Amtrak Train 111, which was the first Northeast Regional train out of New York City at 5:30 am this morning, arrives at Union Station May 18, 2015 in Washington, D.C.
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The unsettling details surrounding Trump’s railroad safety chief

The Trump administration has struggled with all kinds of personnel troubles lately, but this Politico piece about Heath Hall points to a different kind of controversy.

A top official charged with overseeing the safety of the nation’s railroads has resigned “effective immediately,” the Department of Transportation said Saturday after POLITICO raised questions about whether he was simultaneously working as a public relations consultant in Mississippi.

The news comes at a time of strain for the Federal Railroad Administration, which hasn’t had a permanent leader for more than a year while it investigates a string of fatal train crashes and deals with a rising trend of rail-related deaths.

As Rachel explained on the show last night, the trouble in this case is that Heath Hall oversaw the Federal Railroad Administration while he maintained an entirely different job: Hall also served as a spokesperson for a local sheriff’s department in Mississippi, home to the public-relations firm he’s run for years.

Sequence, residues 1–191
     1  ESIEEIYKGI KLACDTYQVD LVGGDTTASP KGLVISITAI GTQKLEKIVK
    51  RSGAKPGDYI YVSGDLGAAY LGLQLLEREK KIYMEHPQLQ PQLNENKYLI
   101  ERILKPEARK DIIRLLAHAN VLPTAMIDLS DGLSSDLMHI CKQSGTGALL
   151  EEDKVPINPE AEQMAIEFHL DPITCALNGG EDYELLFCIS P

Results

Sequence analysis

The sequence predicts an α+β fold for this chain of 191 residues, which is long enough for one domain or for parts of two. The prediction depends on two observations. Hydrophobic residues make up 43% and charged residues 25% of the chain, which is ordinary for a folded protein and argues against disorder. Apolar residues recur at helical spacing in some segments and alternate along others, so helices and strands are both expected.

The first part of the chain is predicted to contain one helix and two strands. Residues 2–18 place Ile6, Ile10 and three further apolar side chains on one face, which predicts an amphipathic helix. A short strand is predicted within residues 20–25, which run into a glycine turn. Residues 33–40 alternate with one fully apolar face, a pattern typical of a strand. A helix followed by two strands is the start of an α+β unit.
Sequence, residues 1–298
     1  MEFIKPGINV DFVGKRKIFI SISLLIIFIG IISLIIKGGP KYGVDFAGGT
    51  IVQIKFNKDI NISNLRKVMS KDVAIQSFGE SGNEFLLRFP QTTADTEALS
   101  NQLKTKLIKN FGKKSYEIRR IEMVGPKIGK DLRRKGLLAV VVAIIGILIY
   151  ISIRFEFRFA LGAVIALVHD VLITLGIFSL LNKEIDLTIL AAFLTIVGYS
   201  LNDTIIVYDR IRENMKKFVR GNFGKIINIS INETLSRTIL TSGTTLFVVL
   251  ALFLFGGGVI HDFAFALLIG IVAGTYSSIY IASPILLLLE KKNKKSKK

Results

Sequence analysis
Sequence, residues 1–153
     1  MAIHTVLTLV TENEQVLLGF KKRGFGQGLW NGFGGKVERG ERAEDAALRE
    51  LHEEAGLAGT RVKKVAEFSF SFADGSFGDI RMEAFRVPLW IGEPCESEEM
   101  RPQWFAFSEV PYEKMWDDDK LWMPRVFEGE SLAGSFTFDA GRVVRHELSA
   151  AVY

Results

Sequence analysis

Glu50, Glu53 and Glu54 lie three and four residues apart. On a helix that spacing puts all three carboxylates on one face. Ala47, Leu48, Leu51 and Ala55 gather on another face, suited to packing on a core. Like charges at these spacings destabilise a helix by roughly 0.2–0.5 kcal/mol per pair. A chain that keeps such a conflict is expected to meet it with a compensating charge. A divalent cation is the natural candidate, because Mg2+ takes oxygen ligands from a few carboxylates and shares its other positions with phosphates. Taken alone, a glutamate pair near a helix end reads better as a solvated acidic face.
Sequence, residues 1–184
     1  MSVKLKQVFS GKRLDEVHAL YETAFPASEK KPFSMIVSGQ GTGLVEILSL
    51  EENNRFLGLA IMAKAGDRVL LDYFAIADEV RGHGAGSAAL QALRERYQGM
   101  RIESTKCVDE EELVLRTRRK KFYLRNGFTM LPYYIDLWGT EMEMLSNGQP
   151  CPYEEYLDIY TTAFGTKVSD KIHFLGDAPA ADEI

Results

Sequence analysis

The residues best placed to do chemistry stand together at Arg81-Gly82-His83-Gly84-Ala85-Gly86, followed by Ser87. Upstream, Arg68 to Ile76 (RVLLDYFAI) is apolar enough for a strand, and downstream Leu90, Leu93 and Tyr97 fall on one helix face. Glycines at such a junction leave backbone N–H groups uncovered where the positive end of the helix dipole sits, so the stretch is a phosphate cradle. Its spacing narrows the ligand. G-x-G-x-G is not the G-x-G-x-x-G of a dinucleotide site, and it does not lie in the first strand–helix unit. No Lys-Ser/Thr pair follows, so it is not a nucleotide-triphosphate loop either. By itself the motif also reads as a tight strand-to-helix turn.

In fact, Hall reportedly had federal officials help him with his second job, all while he was ostensibly helping oversee the $1.7 billion agency that’s in charge of rail safety for the entire country. No one notified the Department of Transportation about any of this.

Almost immediately after Politico called to inquire about Hall’s two simultaneous jobs, he resigned – suggesting he intended to keep the scheme going until someone finally figured it out.

But before we move on, can we also ask how it is this guy got the job?

Donald Trump nominated someone last summer to head the Federal Railroad Administration: Ronald Batory, and he actually appears to have relevant experience in the industry. Batory has not, however, been confirmed by the Senate, and the FRA has gone without a permanent director for over a year.

And so, that left the deputy director to run the agency. In this case, that meant Heath Hall was in charge, which was problematic not just because he maintained an entirely different job, but also because he had no relevant experience or expertise except for having been an intern at the rail agency.

Or as Rachel put it, “Happy Infrastructure Week from the Trump administration – where the phrase ‘only the best people’ has now become a stomach churning insult.”